Reimagined T-Bar Chassis

While it lacks the elegance and style of a Formula 1 car, there’s a case to be made that the T-Bar chassis of the Speedzone driver took its inspiration from Joe Dirt’s Trans Am. Who didn’t want a T-Top back in the day?

I probably shouldn’t trivialize this because the new design is a significant departure from anything we’ve seen to date. My hunch is it may well become another example in a storied line of Cobra innovations that others quietly integrated into their designs.

Historically, composite driver construction has featured a composite crown piece glued to the titanium ledge of a predominantly titanium body. With Fly-Z, Cobra integrated weight-saving composite panels into the sole. That particular style of construction has become common across nearly all manufacturers leveraging composites in driver construction.

With F9 Speedback, Cobra integrated what it called a Carbon Wrap crown. Instead of resting on top of the driver, Cobra extended its use of composite material into the skirt section of the driver (the area immediately beneath the crown), and fundamentally changed the shape of the head – driving more mass low and deep. That carbon fiber skirt and Speedback shape served as a stepping stone to get us to Speedzone.

The goal in using carbon fiber is always to pull weight from where you don’t need it (often the top portion of the driver), so it can be repositioned where it provides real benefit (some combination of low and back). With Speedzone, Cobra is taking a radical (by golf standards anyway) approach to head design.

With the new 360 Carbon Wrap design, instead of sitting on top of the frame, two large pieces of carbon fiber wrap around the T-bar body, and are joined in the center portion of the frame. The result is a driver body that’s 50% carbon fiber (10% more than F9). That frees up 6.3-grams of discretionary weight. I realize that doesn’t sound like much, but there isn’t a driver designer working today who wouldn’t love to have a bit more than 3% of the total head weight to play with. It may look like a small number, but 6.3 grams is kind of a big deal.

Cobra took the weight it saved with the new chassis and other design tweaks and put it into a pair of heel and toe weight pads for stability, and added what it calls an Exhaust Weight (mass and material varies by model) in the extreme rear of the club. To keep this whole racecar theme going, it hid the Exhaust Weight behind a tailpipe detail at the rear of the head.

In total, Cobra was able to position up to 69-grams of weight low and back (in the lowered Speedback portion of the club).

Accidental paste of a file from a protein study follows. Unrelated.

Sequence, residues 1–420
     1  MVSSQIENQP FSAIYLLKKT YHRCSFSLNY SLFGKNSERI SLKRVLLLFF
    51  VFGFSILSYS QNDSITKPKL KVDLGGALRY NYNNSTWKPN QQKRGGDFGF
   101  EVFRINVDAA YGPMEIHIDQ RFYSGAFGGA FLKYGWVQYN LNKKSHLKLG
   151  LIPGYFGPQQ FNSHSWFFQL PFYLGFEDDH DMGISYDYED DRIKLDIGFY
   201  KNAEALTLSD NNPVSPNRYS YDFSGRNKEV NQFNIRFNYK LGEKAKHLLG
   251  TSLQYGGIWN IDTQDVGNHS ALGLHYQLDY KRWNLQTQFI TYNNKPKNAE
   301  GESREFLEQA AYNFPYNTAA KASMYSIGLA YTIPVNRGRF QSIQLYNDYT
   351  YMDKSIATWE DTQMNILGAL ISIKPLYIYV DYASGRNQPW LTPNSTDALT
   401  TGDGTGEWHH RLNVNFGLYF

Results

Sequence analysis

These types of mass properties improvements (CG location and MOI) are at the forefront of every Cobra driver discussion we’ve had for the last several years. You’re getting higher launch, a lower spin option (if you need it), and increased MOI throughout the lineup.

And of course, you’re benefitting from the consistency that comes from the CNC Milled Infinity Face.

2.5 Different Models

Last season’s F9 Speedback was available in one model only. Well, sorta.

The 9° version had a more forward center of gravity (lower spin) and filled the role of the Plus models from prior generations. 10.5° and 12° versions of F9 had slightly different mass properties that made them play a bit more like what used to be the standard model. Higher trajectory, more forgiving, etc..

This year Cobra is moving back to a two-model lineup, though it’s pulled a bit of a Titleist and flipped the script on performance properties and naming conventions. The standard version of the Speedzone is more like what Plus used to be, though again, there’s some loft-driven nuance.

Let’s see if we can make sense of it.

Speedzone

 

The Speedzone (no suffix) is perhaps the closest to a Plus model. Both the 9° and 10.5° models feature movable flip zone weighting (14g and 2g). As you likely know by now, placing the heavier weight in the front will lower launch and spin and provide a more penetrating trajectory. Placing the heavier weight in the rear will provide a more towering trajectory, a bit more spin, and higher MOI.

The 9° model has a 5-gram steel Exhaust Weight, while the 10.5° model offers a 7.2-gram tungsten Exhaust Weight. As with the F9 Speedback, it’s a small distinction intended to tweak the mass properties to optimize performance for the player most likely to fit into each loft.

Speedzone Xtreme

New, or perhaps BACK, this year with a new name is the Speedzone Xtreme. It’s the higher MOI complement to the lower spinning standard SZ. It has a larger address footprint (it looks bigger), doesn’t offer movable weights, and because forgiveness is the name of this particular game, it has a significantly heavier (17-gram) Tungsten Exhaust weight.

With MOI around 5500, it should prove to be one of the most forgiving drivers on the market in 2020.